Thursday, August 14, 2008

Response to Greenpeace ocean dumping action

Early returns show Greenpeace losing by a landslide among ocean science bloggers. Craig of Deep-Sea News and Miriam of Oyster's Garter both weigh in with criticism for Greenpeace's recent ocean dumping.

Craig awards Greenpeace the "Not Having the Faintest Idea of What They Are Doing Award" and Miriam of Oyster's Garter points out that Greenpeace just put prime invasive species habitat in a sensitive area. Oops.

Phil Kline of Greenpeace offered a comment to my original post. I love ya, Phil, but I'm not buying the rationale. These boulders may do more harm than good, and I doubt that they'll be effective protection.

Nevertheless, I welcome Phil's response to my original post, and here he explains in his own words:

"There is a critical need to implement a network of fully-protected marine reserves and sustainable fisheries management in order to help reverse the dramatic decline in the ecosystems of the North Sea. The Sylt Outer Reef provides a perfect example of how we are failing to give our oceans the protection they require. The area has been officially recognized as being an important site for a variety of marine life and warranting protection under European environmental law and yet destructive activities are still allowed in the area ensuring that the environmental and conservation objectives can never been achieved. Our action was intended to give real protection to the site that is currently a 'paper park.'

The principle of non-violence is core to Greenpeace’s ethos and is borne out by our long history of successful non-violent direct action to protect the environment. This principle of non-violence is shepherded within Greenpeace by sound science and judgment. The fisherman were alerted to our presence and it was determined that the boulders would not be unsafe to vessels operating in the area. The boulders, however, were big enough to serve as an effective obstacle to the beam trawlers that strip mine the ocean floor in the area. This action is on par with the placing of similar obstacles to protect vital seagrass meadows as practiced in the Mediterranean.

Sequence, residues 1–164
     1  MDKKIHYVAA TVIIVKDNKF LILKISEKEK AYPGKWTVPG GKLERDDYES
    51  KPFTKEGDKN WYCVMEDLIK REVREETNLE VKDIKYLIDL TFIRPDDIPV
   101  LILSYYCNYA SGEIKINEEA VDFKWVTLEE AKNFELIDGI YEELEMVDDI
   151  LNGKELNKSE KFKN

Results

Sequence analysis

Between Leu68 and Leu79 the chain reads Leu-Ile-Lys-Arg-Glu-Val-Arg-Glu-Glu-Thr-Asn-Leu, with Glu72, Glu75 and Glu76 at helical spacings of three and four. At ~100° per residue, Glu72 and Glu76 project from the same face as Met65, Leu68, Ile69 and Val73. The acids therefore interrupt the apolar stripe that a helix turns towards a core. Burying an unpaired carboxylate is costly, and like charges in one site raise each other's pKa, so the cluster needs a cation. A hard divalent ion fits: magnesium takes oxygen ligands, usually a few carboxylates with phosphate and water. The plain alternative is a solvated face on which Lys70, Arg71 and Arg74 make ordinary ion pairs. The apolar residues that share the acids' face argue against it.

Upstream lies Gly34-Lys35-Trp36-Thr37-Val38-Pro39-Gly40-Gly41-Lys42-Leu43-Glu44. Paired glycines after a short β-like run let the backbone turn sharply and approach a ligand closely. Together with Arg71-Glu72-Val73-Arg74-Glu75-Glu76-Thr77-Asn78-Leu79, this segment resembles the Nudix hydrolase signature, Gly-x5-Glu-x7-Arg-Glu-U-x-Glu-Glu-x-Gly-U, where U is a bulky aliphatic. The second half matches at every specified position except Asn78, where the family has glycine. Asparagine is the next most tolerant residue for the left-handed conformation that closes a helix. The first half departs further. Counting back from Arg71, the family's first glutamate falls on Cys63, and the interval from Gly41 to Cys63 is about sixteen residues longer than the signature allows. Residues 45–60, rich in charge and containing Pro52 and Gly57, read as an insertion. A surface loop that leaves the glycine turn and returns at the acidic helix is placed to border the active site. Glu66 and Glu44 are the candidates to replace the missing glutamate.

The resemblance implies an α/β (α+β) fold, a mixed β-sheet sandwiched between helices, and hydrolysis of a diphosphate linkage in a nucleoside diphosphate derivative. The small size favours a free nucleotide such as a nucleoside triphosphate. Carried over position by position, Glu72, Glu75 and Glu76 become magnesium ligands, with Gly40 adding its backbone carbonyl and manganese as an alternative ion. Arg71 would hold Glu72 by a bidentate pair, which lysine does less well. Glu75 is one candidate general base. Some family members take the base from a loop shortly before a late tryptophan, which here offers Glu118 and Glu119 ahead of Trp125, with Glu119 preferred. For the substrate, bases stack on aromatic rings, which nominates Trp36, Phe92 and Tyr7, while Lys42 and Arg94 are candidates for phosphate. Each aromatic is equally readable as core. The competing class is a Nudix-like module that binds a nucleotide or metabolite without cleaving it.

By protecting this area, we have the opportunity to protect an ecosystem at its heart and publicly defend the need for an integrated marine management system that will allow sustainable fishing so that generations to come can enjoy the bounty of the seas.

Sadly there appears to be a general denial by government and the fishing industry about the highly damaged state of the North Sea and our oceans globally despite the mass of scientific evidence. The fishing industry is a wholly-owned subsidiary of the marine environment and urgent action is required if we are to prevent further collapses in stocks of commercially valuable fish and major ecosystem shifts. Please join us in protecting this area:

http://members.greenpeace.org/action/start.php?action_id=193

Phil Kline, Senior Oceans Campaigner, Greenpeace and former commercial fisherman"
Maybe we need some activists to board Zodiacs and drive themselves under Greenpeace's crane to stop the ocean dumping!

3 comments:

Richard Page (Greenpeace Oceans Campaigner) said...

Further to my colleague Phil's comment, I would like to add that although we did not approach the authorities before going ahead with our action, we did consider the environmental implications.

While unsurprisingly rejecting our action, Henning von Nordheim, the Director of the German Federal Angency of Nature Conservation (BfN)was quoted by the German News Agency (Deutsche Presse Agentur, DPA), on the 13th of August as saying that the ecological damage "if any at all" would be very slight. He is then reported as saying that the BfN would probably proceed similarly with action to restore reefs for nature-protection reasons.

This action must also be considered within the wider context. The science is clear - the world's ocean face multiple stresses, their natural resilience is being broken down at a frighteningly rapid rate. Unless urgent steps are taken to establish a global network of marine reserves, the consequences for both us and marine biodiversity will be very serious indeed.

sandyv said...

I am 63. For many years Greenpeace has been my hero. When no one else was doing a thing, they were out there doing something, sometimes legal sometimes not. They have always had my support but to hear this saddens me deeply. Please go back and look at this again before you continue. Sometimes intensions are productive and must be re examined. Thank you for being there when no one else cared for so many years

sandyv said...

sometimes intensions ARE NOT productive and must be reexamined. sorry